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Defamation Act (Northern Ireland) 2022

Section 3: Publication on matter of public interest

This section creates a new defence to an action for defamation of publication on a matter of public interest. It is based on the existing common law defence established in Reynolds v Times Newspapers(5) and is intended to reflect the principles established in that case and in subsequent case law. Subsection (1) provides for the defence to be available in circumstances where the defendant can show that the statement complained of was, or formed part of, a statement on a matter of public interest and that he reasonably believed that publishing the statement complained of was in the public interest. The intention in this provision is to reflect the existing common law as most recently set out in Flood v Times Newspapers(6). It reflects the fact that the common law test contained both a subjective element – what the defendant believed was in the public interest at the time of publication – and an objective element – whether the belief was a reasonable one for the defendant to hold in all the circumstances.

In relation to the first limb of this test, the section does not attempt to define what is meant by “the public interest”. However, this is a concept which is well-established in the common law. It is made clear that the defence applies if the statement complained of “was, or formed part of, a statement on a matter of public interest” to ensure that either the words complained of may be on a matter of public interest, or that a holistic view may be taken of the statement in the wider context of the document, article etc in which it is contained in order to decide if overall this is on a matter of public interest.

Subsection (2) requires the court, subject to subsections (3) and (4), to have regard to all the circumstances of the case in determining whether the defendant has shown the matters set out in subsection (1).

Subsection (3) is intended to encapsulate the core of the common law doctrine of “reportage” (which has been described by the courts as “a convenient word to describe the neutral reporting of attributed allegations rather than their adoption by the newspaper”(7). In instances where this doctrine applies, the defendant does not need to have verified the information reported before publication because the way that the report is presented gives a balanced picture. In determining whether for the purposes of the section it was reasonable for the defendant to believe that publishing the statement was in the public interest, the court should disregard any failure on the part of a defendant to take steps to verify the truth of the imputation conveyed by the publication (which would include any failure of the defendant to seek the claimant’s views on the statement). This means that a defendant newspaper for example would not be prejudiced for a failure to verify where subsection (3) applies.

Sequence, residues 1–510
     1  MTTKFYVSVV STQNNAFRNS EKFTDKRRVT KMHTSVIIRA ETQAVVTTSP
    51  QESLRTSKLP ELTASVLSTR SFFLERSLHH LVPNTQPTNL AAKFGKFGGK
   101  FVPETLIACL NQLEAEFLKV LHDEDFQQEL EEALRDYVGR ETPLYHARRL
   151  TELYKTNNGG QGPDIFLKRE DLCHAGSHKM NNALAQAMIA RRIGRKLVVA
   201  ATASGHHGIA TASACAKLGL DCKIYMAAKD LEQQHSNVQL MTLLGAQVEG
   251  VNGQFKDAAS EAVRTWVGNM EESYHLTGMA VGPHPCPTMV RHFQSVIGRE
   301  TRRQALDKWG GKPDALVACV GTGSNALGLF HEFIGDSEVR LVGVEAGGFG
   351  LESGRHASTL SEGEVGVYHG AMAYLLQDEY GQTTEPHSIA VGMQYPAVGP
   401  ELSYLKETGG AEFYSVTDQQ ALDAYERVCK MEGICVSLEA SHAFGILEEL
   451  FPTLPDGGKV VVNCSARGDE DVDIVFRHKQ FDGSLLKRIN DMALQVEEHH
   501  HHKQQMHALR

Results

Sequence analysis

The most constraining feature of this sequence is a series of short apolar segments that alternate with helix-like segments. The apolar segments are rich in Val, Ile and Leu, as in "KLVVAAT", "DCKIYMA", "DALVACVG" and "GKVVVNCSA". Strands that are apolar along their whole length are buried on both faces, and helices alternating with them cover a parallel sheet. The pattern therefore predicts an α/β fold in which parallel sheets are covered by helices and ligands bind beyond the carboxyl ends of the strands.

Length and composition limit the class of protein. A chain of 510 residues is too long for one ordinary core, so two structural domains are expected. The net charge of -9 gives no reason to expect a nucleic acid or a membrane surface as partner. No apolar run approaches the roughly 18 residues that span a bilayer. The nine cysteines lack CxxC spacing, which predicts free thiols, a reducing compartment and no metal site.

Subsection (4) requires the court, in considering whether the defendant’s belief was reasonable, to make such allowance for editorial judgement as it considers appropriate. This expressly recognises the discretion given to editors in judgments such as that of Flood, but is not limited to editors in the media context.

Subsection (5) makes clear for the avoidance of doubt that the defence provided by this section may be relied on irrespective of whether the statement complained of is one of fact or opinion.

Subsection (6) abolishes the common law defence known as the Reynolds defence. This is because the statutory defence is intended essentially to codify the common law defence. While abolishing the common law defence means that the courts would be required to apply the words used in the statute, the current case law would constitute a helpful (albeit not binding) guide to interpreting how the new statutory defence should be applied. It is expected the courts would take the existing case law into consideration where appropriate.


[2001] 2 AC 127.


[2012] UKSC 11. See, for example, the judgement of Lord Brown at 113.


Per Simon Brown in Al-Fagih [2001] EWCA Civ 1634.

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Text created by the Northern Ireland Assembly department responsible for the subject matter of the Act to explain what the Act sets out to achieve and to make the Act accessible to readers who are not legally qualified. Explanatory Notes accompany all Acts of the Northern Ireland Assembly.


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